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Bevier Engineering Library
Library Research Guide for Engineers
technical report is a written summary of processes or products created
by an engineer or group of professional engineers. They describe laboratory
studies, field studies or case studies, and they are excellent sources
of information on primary research, specific experiments and materials
trials. A technical report is often the only communication of that work
to people outside of the research team.
Technical reports are
usually released quickly after a project is completed; therefore, they
are one of the most current sources of information on new developments.
They do not go through any sort of publication channels and are not peer
reviewed, or even edited most of the time. They are, however, often the
only way to learn specific details about the creation of a product or process.
Technical Reports are often difficult to find because
they are not published and disseminated to the public like journal
articles, conference papers or
They often stay within the company or department in which they were created.
Finding technical reports might require searching several of the following
- Technical or Science and Engineering Libraries
Many libraries collect technical reports published
by University-related institutions or on issues of particular interest
to their students. For example, the Engineering
& Science Library at Carnegie Mellon University has an extensive
paper collection of technical reports published by companies and research
centers in electrical and computer engineering, robotics, mathematics and
applied philosophy. CMU also holds the second-largest collection
of computer science technical reports in the country. You can contact CMU
and other libraries directly to receive reports or, if you are part
of the University of Pittsburgh Community, you can fill out an Requests From Other Libraries Request, and order it through the University Library System (ULS).
- Company or Agency Libraries
Some companies, like Microsoft,
will publish their own technical reports or create a database for them
for the public. Others might develop a collection of technical reports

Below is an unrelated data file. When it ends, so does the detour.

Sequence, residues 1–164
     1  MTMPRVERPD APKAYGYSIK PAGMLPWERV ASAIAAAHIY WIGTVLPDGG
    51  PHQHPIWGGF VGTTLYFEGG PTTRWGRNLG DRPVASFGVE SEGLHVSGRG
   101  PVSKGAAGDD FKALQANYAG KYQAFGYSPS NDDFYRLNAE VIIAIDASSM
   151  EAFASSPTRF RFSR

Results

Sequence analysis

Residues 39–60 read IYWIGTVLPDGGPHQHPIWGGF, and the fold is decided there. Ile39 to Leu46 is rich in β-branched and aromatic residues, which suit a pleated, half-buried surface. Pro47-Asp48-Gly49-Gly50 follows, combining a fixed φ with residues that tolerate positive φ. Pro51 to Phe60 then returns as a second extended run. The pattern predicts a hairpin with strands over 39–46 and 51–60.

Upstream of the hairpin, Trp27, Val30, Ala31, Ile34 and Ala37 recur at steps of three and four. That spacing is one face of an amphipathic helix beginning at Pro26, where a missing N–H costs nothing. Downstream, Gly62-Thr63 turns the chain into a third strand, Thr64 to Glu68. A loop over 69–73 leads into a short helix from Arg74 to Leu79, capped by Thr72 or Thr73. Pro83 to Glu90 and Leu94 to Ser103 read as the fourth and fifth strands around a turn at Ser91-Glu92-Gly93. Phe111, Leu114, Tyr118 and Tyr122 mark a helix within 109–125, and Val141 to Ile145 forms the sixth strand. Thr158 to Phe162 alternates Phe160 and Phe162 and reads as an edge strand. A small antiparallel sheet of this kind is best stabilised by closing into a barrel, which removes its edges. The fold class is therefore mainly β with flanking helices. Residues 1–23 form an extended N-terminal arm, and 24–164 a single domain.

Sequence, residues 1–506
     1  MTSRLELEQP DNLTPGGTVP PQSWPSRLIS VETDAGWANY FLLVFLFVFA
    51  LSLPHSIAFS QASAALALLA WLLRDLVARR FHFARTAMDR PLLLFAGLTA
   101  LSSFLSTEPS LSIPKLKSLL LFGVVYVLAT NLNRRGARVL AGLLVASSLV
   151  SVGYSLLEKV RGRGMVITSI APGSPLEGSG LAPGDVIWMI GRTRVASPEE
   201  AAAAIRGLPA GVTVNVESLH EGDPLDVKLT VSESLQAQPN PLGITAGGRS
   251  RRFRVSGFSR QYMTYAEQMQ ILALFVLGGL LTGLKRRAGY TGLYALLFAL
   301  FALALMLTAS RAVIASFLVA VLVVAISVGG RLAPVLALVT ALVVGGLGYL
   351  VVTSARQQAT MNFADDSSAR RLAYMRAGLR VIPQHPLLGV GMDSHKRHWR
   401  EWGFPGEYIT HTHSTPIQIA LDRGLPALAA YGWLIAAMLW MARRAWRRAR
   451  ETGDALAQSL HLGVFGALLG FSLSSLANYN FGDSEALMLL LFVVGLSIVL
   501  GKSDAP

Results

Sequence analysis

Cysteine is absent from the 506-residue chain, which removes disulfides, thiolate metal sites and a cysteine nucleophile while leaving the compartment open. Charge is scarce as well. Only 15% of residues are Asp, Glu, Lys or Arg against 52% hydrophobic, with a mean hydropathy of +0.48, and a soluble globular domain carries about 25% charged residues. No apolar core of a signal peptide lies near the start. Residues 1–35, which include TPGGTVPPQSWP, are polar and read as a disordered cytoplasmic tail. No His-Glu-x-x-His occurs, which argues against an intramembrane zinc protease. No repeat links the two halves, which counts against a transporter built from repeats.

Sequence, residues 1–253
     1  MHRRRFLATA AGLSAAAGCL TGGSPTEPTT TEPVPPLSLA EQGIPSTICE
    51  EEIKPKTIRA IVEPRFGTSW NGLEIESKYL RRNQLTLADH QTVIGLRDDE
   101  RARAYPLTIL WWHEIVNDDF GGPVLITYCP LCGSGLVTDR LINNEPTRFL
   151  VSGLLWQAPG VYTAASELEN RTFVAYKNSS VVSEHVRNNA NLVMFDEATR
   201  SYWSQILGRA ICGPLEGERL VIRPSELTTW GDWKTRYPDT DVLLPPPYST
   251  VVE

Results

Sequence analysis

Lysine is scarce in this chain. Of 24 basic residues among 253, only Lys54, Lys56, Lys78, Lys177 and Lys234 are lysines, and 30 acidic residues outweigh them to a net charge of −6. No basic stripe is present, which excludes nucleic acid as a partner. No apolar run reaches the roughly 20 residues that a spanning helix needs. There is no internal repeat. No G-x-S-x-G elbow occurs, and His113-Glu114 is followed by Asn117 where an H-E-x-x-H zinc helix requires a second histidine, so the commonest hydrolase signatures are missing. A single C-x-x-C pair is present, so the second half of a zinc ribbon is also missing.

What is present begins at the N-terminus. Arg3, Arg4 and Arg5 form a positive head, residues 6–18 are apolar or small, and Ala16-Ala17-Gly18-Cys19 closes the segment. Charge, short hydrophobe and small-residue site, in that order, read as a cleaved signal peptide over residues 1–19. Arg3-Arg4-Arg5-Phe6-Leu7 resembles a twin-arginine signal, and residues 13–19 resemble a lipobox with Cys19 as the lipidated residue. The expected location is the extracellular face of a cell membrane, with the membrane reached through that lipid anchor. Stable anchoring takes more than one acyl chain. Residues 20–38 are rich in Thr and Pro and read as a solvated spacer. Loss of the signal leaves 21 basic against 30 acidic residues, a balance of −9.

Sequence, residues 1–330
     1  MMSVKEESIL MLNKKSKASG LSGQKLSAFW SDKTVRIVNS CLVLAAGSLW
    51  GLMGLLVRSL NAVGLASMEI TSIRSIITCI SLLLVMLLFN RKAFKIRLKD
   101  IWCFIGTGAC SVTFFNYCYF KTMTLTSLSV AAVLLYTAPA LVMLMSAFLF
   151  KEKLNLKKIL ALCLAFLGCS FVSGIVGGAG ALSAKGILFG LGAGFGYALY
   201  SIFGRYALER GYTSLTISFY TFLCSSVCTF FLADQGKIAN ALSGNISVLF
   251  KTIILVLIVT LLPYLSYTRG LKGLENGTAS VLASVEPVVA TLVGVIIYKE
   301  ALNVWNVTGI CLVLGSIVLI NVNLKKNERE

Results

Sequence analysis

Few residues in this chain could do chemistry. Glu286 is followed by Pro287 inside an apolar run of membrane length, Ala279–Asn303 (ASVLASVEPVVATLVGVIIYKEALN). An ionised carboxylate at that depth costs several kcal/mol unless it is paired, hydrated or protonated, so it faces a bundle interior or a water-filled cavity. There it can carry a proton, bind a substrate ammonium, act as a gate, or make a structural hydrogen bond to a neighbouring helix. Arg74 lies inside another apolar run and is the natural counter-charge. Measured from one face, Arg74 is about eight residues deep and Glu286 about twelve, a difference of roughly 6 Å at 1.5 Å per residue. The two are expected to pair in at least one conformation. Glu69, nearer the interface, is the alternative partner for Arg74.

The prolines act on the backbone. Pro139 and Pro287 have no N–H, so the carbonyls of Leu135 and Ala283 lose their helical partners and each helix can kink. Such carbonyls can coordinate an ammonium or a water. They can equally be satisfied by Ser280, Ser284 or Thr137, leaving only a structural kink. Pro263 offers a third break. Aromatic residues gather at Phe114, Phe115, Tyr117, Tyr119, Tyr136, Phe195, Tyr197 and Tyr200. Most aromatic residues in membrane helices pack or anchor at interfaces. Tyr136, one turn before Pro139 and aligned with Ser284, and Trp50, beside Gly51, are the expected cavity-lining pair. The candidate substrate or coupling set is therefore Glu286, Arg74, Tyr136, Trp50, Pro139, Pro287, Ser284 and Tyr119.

within their corporate libraries. Contact companies individually to obtain
copies of this information.
- Academic Computer Science Departments
Currently, many academic computer science departments
are collecting the technical reports they create and making them available
online. Some examples include Columbia
University's Technical Report Archive and Carnegie
Mellon University School of Computer Science's Technical Report Collection.
- Government Technical Report Servers
Government related technical reports are typically
written to report progress on the development of a process or product to
the government agency that sponsored the research. The Federal government
sponsors research in almost all areas of engineering. This includes aerospace,
civil, computer and environmental.
The National Technical Information Service (NTIS)
acts as a clearinghouse for all of the technical reports on government
sponsored research since 1991 and one-half to two-thirds of the reports
since its inception in 1945. Search NTIS
to find citations to governmental technical reports since 1990. After finding
the citation, you will need to search PITTCat to see if it is held
in the ULS's Government Depository Collection or submit an Requests From Other Libraries request to obtain the document from another library. You can also
order the publications directly from NTIS with a credit card (This is often
If you are looking for information that has been
produced by the National Aeronautics and Space Administration (NASA), two
resources will be of help. First, the NASA Center for AeroSpace Information
Technical Report Server, RECONselect,
contains 2.2. million citations and abstracts to aerospace documents, including
technical reports. Recent full-text technical reports have been placed
online on an experimental basis on the NASA
Technical Report Server (NTRS). It's often helpful to search this component
of NASA information first, as its records are full-text.
- Technical Report Online Centers
Several massive online collections of technical reports
have begun in recent years. These organizations, which might be sponsored
by academic initiatives, private industry or government agencies, solicit
technical reports from hundreds of institutions and companies and collect
them into one resource. Two examples are the Networked
Computer Science Technical Reference Library (NCSTRL) and the University
of Maryland's Virtual
Technical Reports Center. Additional links are available on the Engineering
Subject Guide under "Technical Reports."
Brown, J.F. (1985) A Student Guide to Engineering Report Writing.
Solana Beach, CA: United Western Press.
Robinson, Judith Schiek. (1998) Tapping the Government Grapevine:
The User-Friendly Guide to U.S. Government Information Sources. Phoenix,
AZ: Oryx Press.